Lastly there is the importance of goal setting. This is one of the prime drivers for keeping people motivated. Another excellent self-help book entitled Psycho Cybernetics by Maxwell Maltz suggests that human beings are by their very nature designed to have a life purpose and goals to strive for; he calls it the ‘art of living creatively’. We are creatures of habit however, prone to procrastination and putting up self-limiting barriers in our minds. Setting a goal for a person gives them a clear vision of where they want to be and what they would like to achieve, the path toward it suddenly becomes walkable whilst at the same time eradicating any of these bad habits. Try to imagine a missile flying along its trajectory. Without a goal or target to reach, it will just fly around aimlessly without any idea of heading. Once a target is set however, it will fly toward ‘the goal’. It will also need to be steered in the right direction in order to reach it and. this this where an effective plan is put in place of how it will reach the target. This concept can be applied in the human sense.

Motivating people is not easy, it was never meant to be. Human emotions are deep and complex. In order to succeed there must be a healthy balance of gentle persuasion, encouragement, patience and positive feedback. You have to really believe in people, recognise their abilities and able pick up on their capabilities. Accept they are not perfect and that they are also flawed just as you are. They may take some time to follow up on your advice and suggestions but allow them the space and time to do so; everyone grows at different times in life.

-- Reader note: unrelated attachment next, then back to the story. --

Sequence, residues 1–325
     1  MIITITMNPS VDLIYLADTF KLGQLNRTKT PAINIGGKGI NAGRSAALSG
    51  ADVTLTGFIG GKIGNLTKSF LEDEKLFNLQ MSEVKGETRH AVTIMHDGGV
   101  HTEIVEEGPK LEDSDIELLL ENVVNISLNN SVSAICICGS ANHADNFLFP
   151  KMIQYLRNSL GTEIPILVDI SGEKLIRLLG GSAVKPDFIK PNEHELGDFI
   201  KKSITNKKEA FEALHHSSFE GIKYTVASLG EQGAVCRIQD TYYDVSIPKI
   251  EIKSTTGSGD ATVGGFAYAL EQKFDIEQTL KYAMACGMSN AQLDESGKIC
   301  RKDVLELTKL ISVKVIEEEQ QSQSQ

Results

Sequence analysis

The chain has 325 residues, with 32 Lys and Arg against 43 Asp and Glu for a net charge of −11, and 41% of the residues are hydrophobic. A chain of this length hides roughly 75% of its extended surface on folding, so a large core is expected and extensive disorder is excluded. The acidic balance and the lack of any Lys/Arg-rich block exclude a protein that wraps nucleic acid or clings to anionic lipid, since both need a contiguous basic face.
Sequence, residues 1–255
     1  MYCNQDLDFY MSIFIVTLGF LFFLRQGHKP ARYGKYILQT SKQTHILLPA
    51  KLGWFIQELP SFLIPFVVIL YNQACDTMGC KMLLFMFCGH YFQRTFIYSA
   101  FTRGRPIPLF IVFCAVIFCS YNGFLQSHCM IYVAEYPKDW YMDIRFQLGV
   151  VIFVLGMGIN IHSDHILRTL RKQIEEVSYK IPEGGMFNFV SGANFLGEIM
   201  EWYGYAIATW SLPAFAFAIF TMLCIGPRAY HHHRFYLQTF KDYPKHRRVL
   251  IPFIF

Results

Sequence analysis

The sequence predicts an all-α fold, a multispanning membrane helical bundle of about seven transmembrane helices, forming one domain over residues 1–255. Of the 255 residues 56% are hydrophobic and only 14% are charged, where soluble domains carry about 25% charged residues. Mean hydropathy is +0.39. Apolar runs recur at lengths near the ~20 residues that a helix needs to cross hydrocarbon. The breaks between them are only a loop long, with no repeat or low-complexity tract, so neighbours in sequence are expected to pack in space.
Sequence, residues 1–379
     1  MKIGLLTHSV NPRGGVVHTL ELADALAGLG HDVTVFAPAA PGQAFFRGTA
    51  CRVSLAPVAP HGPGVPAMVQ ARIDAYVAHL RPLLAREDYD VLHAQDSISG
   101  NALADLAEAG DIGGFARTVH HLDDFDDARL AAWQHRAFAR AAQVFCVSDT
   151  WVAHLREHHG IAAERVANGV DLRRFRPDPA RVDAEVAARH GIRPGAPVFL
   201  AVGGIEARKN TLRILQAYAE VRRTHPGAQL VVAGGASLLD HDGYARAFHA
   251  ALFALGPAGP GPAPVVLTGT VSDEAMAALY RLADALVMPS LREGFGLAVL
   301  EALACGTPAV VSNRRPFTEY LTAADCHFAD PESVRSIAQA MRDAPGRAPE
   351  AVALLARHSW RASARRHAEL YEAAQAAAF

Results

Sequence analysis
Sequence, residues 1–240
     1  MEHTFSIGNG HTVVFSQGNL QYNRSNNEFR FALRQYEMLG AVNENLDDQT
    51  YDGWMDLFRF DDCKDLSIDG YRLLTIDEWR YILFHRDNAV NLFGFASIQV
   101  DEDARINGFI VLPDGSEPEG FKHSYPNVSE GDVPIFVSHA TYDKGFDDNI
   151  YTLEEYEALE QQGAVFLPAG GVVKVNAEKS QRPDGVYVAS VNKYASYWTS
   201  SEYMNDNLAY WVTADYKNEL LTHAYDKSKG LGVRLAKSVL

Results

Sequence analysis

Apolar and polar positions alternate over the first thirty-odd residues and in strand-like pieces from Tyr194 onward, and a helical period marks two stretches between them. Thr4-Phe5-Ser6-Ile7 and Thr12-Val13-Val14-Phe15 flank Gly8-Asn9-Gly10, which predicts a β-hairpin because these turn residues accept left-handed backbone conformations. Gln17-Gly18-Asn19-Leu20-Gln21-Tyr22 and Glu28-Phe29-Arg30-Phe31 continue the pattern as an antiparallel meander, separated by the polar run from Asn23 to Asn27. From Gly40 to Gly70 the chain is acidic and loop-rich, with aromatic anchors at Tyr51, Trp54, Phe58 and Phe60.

My friend Sophie is now firmly rooted on the path to her goal although it took a while for her to do so. Her mission – one she chose to accept, was to be fit and healthy by the end of the year. I have given her all the encouragement, advice and resources she needs to achieve that mission. I have listened to what she had to say; the good and the bad. We soul searched in order to discover out what she really wants out of life, what she could get out of life and her deep rooted needs and desires. I have listened to her excuses and reasons not to do certain things. I know from my own experience that a change of mind-set is something that takes time; small baby steps are normally the way forward. We drafted a plan on how she was going to achieve her goal and the time to accomplish it. Finally, after taking things at her chosen pace, she took action and in my opinion the latter speaks louder than words. The real motivation starts when you finally begin to see the results. After a while I could see a change in Sophie, she became more driven and happy in herself. There was no longer the need for me to keep a track of her progress; she had now visualised her goal to be more real and within her grasp. I believed in her just as I hoped she believed in me. It’s this belief and being able to see unlimited potential in another person that can take them off a beaten track to a motorway of success.

© 2014 Pete Rann